Navigating Your Hospital Stay: How to Stay Safe and Recover Strong After Surgery

In the sterile and advanced locations where people go to heal, they are needlessly dying from causes that are within control and fully preventable. According to the Journal of Patient Safety, data from the Institute of Medicine showed that in 1984, 98,000 Americans died from preventable deaths while in the hospital each year. This number has since escalated, reaching a shocking 400,000 preventable deaths annually from 2008 to 2011.

There are many factors that contribute to this alarming number. Medical practitioner arrogance, insurance companies determining who gets treated and for how long, and departments within hospitals not coordinating their efforts are just some of the main issues.

Personal Experience

For instance, imagine being scheduled for a total hip replacement surgery, which becomes necessary due to a slipped capital femoral epiphysis (SCFE) that went undiagnosed for years and led to bone-on-bone arthritis. Even after decades of self-care involving stretching, massage, acupuncture, and various therapies – the time comes for the hip replacement.

The surgery itself and the hospital’s facilities align with expectations, but aspects such as food quality and infection risks leave much to be desired.

Infection Risks

Post-surgery complications can emerge, such as being unable to urinate due to spinal anesthesia. This requires a nurse to insert a catheter, which can lead to a bladder infection if proper sanitization procedures are not diligently followed.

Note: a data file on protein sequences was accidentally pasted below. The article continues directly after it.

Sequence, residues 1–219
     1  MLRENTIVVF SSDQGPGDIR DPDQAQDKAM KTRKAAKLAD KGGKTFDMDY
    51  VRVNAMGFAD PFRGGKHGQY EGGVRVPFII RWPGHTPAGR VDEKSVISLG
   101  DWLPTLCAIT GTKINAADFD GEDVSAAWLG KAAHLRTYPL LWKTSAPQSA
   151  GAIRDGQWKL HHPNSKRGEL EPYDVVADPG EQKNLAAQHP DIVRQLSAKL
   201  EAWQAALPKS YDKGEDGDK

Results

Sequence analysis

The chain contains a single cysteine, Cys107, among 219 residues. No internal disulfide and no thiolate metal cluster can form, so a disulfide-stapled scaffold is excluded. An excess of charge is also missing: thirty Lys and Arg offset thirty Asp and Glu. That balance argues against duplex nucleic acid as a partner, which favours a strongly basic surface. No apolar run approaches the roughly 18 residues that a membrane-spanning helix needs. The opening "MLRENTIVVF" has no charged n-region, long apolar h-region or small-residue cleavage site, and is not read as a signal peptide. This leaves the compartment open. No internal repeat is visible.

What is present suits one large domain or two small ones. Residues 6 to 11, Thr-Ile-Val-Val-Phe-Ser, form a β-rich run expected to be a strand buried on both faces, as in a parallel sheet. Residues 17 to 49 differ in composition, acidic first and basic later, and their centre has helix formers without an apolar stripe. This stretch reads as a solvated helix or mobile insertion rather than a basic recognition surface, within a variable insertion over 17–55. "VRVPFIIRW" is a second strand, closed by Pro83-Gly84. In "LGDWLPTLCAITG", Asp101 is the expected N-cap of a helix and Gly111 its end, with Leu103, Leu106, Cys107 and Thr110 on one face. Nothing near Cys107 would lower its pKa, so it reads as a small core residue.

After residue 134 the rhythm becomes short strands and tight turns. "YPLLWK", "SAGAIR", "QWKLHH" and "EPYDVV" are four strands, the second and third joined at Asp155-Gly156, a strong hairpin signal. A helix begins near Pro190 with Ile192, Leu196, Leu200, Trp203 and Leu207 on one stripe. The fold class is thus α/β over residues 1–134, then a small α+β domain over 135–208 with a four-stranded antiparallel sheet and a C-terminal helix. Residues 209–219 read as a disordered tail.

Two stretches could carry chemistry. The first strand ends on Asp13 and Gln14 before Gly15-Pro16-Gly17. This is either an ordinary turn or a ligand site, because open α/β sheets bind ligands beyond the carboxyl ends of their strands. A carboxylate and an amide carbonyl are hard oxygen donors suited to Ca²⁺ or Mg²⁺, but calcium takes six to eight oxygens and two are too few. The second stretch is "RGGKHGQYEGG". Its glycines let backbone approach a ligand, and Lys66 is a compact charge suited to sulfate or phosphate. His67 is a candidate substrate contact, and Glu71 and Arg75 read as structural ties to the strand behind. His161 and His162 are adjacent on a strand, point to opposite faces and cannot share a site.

Poor Food Quality

Hospital food is infamous for being bland and unappetizing, but the food quality goes beyond mere taste and presentation. It’s common for hospitals to lack fresh, chemical-free, and nutrient-dense foods crucial for patient recovery. Many times, the options provided contain high amounts of sugar, high fructose corn syrup, and other unhealthy ingredients.

Something as simple as a packet of graham crackers may contain enriched flour (which has been over-processed), and dangerous trans fats such as partially hydrogenated soybean oil – known to cause major diseases. Options like these do not help with healing and only contribute to decreased patient health.

Potential Infection Risks

Physical therapists in the hospital setting are often responsible for determining the strength levels of patients and deciding if they are fit enough to return home or if they need to stay longer within the hospital.

However, even within these environments, the risk of infection can be imminent. For example, during one of these physical therapy sessions, another patient may have Methicillin-resistant Staphylococcus aureus (MRSA) – a dangerous bacterium that causes infection and is resistant to antibiotics. The chance of being exposed to MRSA is too great a risk for someone with an open wound from recent surgery.

Avoiding Preventable Deaths

With a combination of assertiveness and following medical recommendations, patients can minimize their risk of preventable deaths in hospitals. By being aware of the dangers, patients can be proactive in requesting to be discharged soon after surgery.

Once home, it is important to follow all instructions from the surgeon, visiting nurses, and physical therapists. Patients should also focus on healthy dietary choices like organic chicken, vegetables, fruit, and water; as well as other beneficial practices like deep breathing exercises, and energy visualization.

In conclusion, while hospitals and healthcare providers may have the best intentions, the lack of coordination and communication between departments can create preventable risks. Patients must be vigilant in looking out for these potential dangers and take necessary steps to ensure their own health and well-being during recovery.